Freedom and escape. It relaxes me. I try my hardest to be near it as much as possible which is why I decided to live on a boat on the canal. It's an escape from London life. I can hear the water when I go to sleep and when I wake up, and I can see it when I make my cup of tea in the morning. It also puts everything into perspective for me; I get a real sense of the sublime. Water makes me realize how insignificant and small I am in comparison to the universe and in that sense it humbles me. I think anything that brings you back to the bigger picture is healthy, and for me it's water.

Why do you think that throughout history water has always been associated with women?
I didn't actually know but it makes sense to me. Water is essential for life to grow and in that sense it is associated with fertility and birth. You could also look at the associations with the tides and a woman's cycle. The moon controls the tides and for many centuries people associated similar forces with the female cycle. We are 90% water and perhaps that has something to do with it, but water has always seemed to me to be a more feminine element unlike fire, which is more masculine. 

How did you first get involved with The World Wide Women collective?
Anoushka Beckwith came across my work two years ago and asked me to be one of the first members of the collective. When I learnt what World Wide Women was and what it stands for, I said yes immediately. Anoushka is doing an amazing thing, promoting and supporting young female photographers and artists.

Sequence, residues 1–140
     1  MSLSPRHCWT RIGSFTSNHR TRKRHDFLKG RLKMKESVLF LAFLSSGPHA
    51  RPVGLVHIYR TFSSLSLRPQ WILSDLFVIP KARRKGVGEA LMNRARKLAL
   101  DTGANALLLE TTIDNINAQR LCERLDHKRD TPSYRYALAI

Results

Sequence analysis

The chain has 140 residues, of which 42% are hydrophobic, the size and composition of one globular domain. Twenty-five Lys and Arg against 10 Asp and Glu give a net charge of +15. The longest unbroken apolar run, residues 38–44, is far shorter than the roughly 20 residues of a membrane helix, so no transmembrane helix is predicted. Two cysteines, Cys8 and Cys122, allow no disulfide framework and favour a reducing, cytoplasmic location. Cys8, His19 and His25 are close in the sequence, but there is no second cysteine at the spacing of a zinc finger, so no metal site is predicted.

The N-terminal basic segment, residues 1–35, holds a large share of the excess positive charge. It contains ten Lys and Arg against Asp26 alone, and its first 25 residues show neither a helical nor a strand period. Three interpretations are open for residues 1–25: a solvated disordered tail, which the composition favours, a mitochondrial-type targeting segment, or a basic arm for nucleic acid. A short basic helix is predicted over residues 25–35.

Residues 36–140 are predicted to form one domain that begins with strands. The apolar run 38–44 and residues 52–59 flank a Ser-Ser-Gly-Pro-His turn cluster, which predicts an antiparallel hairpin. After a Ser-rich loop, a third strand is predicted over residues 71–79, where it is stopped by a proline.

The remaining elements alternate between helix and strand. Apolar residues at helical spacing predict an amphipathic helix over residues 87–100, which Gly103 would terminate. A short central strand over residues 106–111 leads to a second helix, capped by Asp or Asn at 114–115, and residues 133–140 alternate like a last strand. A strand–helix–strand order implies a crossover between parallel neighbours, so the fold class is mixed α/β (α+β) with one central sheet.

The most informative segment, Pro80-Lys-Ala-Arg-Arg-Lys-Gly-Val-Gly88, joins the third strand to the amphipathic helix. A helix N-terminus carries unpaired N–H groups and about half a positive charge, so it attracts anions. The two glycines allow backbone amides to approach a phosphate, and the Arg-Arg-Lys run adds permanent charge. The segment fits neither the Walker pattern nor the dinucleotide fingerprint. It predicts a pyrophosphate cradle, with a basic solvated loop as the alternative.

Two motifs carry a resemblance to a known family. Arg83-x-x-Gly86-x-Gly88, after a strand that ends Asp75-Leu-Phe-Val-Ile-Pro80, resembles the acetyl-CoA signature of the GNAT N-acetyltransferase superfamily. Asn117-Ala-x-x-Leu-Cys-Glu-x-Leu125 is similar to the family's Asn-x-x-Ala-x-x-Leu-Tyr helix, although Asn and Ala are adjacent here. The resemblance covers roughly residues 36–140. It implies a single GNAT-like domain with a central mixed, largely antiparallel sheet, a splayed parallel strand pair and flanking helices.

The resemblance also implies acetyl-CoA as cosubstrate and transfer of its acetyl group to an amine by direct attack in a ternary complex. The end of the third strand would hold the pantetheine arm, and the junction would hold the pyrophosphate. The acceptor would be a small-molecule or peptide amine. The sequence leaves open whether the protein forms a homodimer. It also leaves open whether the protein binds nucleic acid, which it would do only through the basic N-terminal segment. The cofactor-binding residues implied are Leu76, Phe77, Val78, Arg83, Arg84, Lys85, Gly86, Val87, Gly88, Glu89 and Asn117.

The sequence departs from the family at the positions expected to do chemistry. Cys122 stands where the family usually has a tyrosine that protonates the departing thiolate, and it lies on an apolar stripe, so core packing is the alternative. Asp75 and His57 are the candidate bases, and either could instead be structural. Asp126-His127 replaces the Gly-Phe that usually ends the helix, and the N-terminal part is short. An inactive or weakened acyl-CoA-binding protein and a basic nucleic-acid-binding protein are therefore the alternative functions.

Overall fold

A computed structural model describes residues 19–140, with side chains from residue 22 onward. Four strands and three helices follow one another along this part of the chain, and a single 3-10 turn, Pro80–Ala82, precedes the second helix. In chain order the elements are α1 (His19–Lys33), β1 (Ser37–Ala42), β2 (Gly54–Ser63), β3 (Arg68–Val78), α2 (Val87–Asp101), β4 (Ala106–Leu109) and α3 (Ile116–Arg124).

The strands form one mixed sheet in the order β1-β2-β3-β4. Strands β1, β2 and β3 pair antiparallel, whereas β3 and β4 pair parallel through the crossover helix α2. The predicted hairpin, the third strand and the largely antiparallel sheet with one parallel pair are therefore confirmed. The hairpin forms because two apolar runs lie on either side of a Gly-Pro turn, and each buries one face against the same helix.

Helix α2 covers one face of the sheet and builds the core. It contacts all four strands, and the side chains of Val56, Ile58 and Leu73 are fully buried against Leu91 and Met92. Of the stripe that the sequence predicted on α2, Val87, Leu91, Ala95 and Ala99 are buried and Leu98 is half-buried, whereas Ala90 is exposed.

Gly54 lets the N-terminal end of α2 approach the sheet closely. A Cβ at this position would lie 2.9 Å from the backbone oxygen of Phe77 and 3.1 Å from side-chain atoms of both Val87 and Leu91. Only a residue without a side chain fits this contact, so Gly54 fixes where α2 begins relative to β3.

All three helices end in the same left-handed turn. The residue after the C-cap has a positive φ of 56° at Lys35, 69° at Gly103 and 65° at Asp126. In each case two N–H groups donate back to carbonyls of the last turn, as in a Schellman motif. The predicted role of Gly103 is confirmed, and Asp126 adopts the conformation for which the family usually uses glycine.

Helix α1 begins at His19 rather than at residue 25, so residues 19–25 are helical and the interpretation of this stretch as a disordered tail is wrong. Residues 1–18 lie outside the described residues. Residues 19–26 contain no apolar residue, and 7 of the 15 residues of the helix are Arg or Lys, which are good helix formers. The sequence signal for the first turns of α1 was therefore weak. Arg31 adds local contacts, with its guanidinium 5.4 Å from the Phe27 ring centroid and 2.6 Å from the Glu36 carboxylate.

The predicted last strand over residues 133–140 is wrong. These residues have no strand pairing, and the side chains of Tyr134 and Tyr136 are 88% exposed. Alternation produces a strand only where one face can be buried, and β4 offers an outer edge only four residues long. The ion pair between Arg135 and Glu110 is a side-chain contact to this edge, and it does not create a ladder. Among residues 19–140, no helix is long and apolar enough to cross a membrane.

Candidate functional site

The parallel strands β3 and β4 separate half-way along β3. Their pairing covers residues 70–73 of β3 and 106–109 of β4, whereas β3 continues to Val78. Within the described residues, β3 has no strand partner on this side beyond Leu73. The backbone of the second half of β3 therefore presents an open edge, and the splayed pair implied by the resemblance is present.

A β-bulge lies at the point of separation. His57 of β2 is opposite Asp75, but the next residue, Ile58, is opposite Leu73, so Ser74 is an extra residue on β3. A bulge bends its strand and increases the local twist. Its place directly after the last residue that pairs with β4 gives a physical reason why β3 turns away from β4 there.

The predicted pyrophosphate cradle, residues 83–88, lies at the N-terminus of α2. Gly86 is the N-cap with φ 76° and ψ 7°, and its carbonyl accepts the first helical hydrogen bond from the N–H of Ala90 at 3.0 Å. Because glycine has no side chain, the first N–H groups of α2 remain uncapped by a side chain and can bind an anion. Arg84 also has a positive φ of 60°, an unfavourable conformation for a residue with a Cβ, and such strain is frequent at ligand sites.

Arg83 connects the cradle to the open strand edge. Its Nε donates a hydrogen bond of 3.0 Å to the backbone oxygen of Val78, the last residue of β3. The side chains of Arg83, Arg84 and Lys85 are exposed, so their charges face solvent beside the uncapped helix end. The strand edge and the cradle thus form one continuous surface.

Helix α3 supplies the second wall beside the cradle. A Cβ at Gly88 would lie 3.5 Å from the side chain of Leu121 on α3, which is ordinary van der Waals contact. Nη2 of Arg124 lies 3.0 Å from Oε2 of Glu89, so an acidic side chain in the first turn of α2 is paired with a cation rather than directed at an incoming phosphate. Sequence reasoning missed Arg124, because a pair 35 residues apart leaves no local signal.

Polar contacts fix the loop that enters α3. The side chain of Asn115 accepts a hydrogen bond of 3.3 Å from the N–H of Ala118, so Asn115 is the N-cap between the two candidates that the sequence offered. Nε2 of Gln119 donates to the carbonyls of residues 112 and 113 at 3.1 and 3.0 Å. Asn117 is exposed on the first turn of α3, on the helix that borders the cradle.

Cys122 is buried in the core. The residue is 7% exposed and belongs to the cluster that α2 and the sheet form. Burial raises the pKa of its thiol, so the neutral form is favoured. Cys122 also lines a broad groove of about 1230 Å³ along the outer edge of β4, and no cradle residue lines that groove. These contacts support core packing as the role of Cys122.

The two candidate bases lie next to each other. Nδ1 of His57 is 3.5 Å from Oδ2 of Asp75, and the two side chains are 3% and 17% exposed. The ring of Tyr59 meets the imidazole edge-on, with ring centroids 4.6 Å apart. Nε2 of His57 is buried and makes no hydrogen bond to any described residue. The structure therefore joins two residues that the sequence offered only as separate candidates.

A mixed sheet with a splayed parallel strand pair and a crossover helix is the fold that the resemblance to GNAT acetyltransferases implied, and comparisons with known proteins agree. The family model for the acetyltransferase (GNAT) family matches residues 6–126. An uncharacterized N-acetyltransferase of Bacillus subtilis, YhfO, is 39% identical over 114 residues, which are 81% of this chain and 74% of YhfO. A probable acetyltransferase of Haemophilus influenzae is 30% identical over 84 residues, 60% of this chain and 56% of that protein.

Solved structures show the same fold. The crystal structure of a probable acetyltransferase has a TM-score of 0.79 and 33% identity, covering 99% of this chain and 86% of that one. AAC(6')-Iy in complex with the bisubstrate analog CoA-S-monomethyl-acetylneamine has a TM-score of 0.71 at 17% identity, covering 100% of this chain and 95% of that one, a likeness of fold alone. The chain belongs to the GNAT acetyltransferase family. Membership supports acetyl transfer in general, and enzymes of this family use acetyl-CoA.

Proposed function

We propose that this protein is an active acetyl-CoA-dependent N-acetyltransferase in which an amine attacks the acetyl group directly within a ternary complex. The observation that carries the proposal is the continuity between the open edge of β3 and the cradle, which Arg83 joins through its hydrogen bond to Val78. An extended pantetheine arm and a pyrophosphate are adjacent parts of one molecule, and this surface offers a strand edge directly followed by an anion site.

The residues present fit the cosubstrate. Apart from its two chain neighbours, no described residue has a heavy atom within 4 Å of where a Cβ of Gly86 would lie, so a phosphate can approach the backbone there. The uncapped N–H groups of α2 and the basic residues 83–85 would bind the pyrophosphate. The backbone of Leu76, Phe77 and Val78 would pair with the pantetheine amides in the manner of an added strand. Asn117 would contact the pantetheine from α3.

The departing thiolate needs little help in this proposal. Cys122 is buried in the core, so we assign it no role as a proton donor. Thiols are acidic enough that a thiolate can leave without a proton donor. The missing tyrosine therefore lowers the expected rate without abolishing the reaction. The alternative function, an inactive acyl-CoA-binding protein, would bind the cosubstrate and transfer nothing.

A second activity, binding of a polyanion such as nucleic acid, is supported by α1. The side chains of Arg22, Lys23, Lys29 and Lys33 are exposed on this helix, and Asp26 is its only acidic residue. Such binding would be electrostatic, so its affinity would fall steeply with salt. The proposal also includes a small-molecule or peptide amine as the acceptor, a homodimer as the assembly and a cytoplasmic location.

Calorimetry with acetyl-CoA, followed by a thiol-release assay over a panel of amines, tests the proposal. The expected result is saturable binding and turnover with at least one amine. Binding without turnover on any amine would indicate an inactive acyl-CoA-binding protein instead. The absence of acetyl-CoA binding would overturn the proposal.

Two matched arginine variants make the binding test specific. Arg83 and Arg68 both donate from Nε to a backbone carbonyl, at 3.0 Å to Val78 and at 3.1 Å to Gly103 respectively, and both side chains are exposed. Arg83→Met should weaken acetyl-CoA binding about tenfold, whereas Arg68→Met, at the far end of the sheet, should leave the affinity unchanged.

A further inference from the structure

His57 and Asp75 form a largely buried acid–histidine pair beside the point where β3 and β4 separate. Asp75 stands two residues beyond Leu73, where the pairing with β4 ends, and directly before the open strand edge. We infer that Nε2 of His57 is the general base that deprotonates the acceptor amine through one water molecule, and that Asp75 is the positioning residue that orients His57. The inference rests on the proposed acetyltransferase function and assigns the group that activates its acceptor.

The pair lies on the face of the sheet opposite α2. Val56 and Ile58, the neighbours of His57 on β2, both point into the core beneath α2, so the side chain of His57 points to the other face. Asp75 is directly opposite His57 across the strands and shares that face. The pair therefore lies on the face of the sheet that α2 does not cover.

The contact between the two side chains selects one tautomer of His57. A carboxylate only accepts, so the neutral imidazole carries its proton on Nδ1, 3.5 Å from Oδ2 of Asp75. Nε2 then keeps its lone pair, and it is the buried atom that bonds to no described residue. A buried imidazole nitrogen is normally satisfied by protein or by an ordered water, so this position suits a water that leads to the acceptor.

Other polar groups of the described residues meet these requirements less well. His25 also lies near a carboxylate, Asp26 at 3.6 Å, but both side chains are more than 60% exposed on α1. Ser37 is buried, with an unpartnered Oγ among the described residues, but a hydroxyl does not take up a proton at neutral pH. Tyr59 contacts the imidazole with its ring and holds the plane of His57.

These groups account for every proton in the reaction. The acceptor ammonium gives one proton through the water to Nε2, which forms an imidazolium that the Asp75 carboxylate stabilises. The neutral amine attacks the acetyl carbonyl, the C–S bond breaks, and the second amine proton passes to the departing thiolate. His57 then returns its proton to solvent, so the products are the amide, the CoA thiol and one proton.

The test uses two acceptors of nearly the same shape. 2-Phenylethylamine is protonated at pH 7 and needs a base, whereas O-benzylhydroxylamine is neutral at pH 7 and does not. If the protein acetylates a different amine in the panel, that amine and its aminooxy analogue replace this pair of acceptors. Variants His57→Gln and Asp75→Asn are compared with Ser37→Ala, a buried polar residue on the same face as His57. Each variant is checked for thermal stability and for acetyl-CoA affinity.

What does it mean to be a part of it?
To be in a collective with such talented artists only makes me more determined to keep producing and improving my work. It's very inspiring. WWW is a creative, progressive community, showcasing the creative works of a diverse group of female photographers and artists around the world. It has been set up with the purpose of exhibiting, marketing and selling artwork.

Does being a woman affect your work as an artist? Should it?
It affects my whole perspective on the world so in that sense yes. I photograph mostly women, so I imagine that the way I look at the female form is different from how a man might look at it. I think many people would be able to tell that my photographs are taken by a woman, and when I wonder what makes that the case, I guess it has something to do with the softness of light and less harsh handling of the form, or perhaps the romance of the image. I'm also aware that the industry leaders are mostly men and there aren't as many women in assisting roles either. That can be intimidating when trying to make a name for yourself but then it can also work to my advantage.

What is the Be Yourself campaign and how did you become involved with it?
Be Yourself is a humorous four-part webisode series that aims to capture the meaning of unconditional love and the importance of feeling comfortable in your own skin, no matter how unflattering a situation can be. I was told about NaturalCycles, by my friend, Amelia Hazlerigg, who was directing, filming and writing the campaign.

What's next for you?
I have two upcoming exhibitions, one solo show in London this May and another one in New York in June (TBC) at the Kasher | Potamkin gallery. I'm making underwater music videos, which I'm very excited about and I currently have a picture being exhibited at the London Zoo, which is soon to move to Whipsnade Zoo.



Text Tish Weinstock